Edgmont Township, Delaware County, Pennsylvania
Township office on Gradyville Road
|Elevation||469 ft (143 m)|
|Area||9.8 sq mi (25.4 km2)|
|- land||9.8 sq mi (25 km2)|
|- water||0.04 sq mi (0 km2), 0.41%|
|Density||401.7 / sq mi (155.1 / km2)|
|- summer (DST)||EDT (UTC-4)|
|Area code||610 / 484|
History and Socioeconomics
Edgmont Township, otherwise known by the post office name of Edgemont (19028) is a semi-rural suburban area in Western Delaware County. It was one of the first townships in Pennsylvania, founded in the late 1680s. Today, Edgmont is home to a rather wide socioeconomic range. Along the rural area along Valley Road are many high-income neighborhoods such as Allee, Okehocking Hills, and Fiveormore. On Delchester Road, is the rather posh new neighborhood known as Somerhill. On the major north-south thoroughfare through Edgmont, Providence Road, several upscale single family homes on large lots predominate as well as other high-income neighborhoods such as Springton Chase and Runnymeade Farms. There is also a retirement home known as White Horse Village. Within Edgmont lies a very tiny village that is not incorporated known as Gradyville (19039). It consists mainly of a post office, a gas station, a flower shop, an antique shop, one or two houses, and an English-language Orthodox church. Though Edgmont has its own post office as mentioned previously, most of the area is served by the Newtown Square post office (19073) or the Media post office (19063) or the Glen Mills post office as it delivers mail directly to residences.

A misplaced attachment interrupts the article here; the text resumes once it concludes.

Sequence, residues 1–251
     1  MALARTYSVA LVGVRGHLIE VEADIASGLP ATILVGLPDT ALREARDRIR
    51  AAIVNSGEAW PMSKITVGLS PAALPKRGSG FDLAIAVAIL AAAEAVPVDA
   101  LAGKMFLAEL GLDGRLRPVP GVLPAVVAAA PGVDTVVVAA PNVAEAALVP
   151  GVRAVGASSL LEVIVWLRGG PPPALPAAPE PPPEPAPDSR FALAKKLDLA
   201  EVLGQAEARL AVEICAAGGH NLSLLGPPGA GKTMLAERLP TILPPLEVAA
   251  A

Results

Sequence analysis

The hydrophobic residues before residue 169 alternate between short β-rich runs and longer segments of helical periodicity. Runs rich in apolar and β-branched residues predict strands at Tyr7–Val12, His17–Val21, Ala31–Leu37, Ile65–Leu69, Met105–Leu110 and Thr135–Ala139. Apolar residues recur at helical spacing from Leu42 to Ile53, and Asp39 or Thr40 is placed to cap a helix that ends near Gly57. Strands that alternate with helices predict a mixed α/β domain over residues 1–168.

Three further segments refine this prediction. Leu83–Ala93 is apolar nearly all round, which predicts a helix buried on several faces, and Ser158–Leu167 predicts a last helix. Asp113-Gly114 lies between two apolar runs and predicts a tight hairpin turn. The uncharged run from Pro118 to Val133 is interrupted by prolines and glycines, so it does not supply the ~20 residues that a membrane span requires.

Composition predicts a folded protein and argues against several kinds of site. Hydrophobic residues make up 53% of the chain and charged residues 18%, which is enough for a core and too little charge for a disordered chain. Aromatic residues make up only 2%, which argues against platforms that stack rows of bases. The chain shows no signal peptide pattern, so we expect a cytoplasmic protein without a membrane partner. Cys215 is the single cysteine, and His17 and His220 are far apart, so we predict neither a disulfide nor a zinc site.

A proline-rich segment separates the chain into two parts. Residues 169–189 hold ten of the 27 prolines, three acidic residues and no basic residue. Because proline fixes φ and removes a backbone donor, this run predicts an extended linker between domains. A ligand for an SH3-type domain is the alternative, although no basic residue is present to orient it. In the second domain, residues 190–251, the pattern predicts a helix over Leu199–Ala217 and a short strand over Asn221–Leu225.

According to the United States Census Bureau, the township has a total area of 9.8 square miles (25 km2), of which, 9.8 square miles (25 km2) of it is land and 0.04 square miles (0.10 km2) of it (0.20%) is water. Major routes through and around Edgmont include Pennsylvania Route 3 (West Chester Pike), and Pennsylvania Route 352 (Middletown Road). Edgmont Township is bordered by the townships of Middletown, Upper Providence, Newtown, and Thornbury in Delaware County; and Willistown in Chester County. The single largest geographic feature of the township is Ridley Creek State Park, comprising 2,600 acres (11 km2), and a popular destination for a full range of recreational activities, and home to The Colonial Pennsylvania Plantation www.colonialplantation.org a colonial farm park staffed from late-Spring through early Fall.
As of the census of 2000, there were 3,918 people, 1,447 households, and 988 families residing in the township. The population density was 401.7 people per square mile (155.2/km²). There were 1,515 housing units at an average density of 155.3/sq mi (60.0/km²). The racial makeup of the township was 90.58% White, 4.90% African American, 2.73% Asian, 0.13% Native American, 0.38% from other races, and 1.28% from two or more races. Hispanic or Latino of any race were 1.35% of the population.
There were 1,447 households out of which 27.7% had children under the age of 18 living with them, 60.4% were married couples living together, 5.4% had a female householder with no husband present, and 31.7% were non-families. 28.6% of all households were made up of individuals and 18.1% had someone living alone who was 65 years of age or older. The average household size was 2.47 and the average family size was 3.08.
In the township the population was spread out with 27.9% under the age of 18, 4.1% from 18 to 24, 20.1% from 25 to 44, 26.7% from 45 to 64, and 21.2% who were 65 years of age or older. The median age was 44 years. For every 100 females there were 94.2 males. For every 100 females age 18 and over, there were 84.6 males.
The median income for a household in the township was $88,303, and the median income for a family was $105,311. Males had a median income of $76,438 versus $42,371 for females. The per capita income for the township was $46,848. About 0.5% of families and 1.2% of the population were below the poverty line, including 1.4% of those under age 18 and none of those age 65 or over.
- Joe Sestak - Former U.S. Navy three-star admiral and U.S. Representative from 2007 to 2011, Democratic candidate for U.S. Senate in 2010.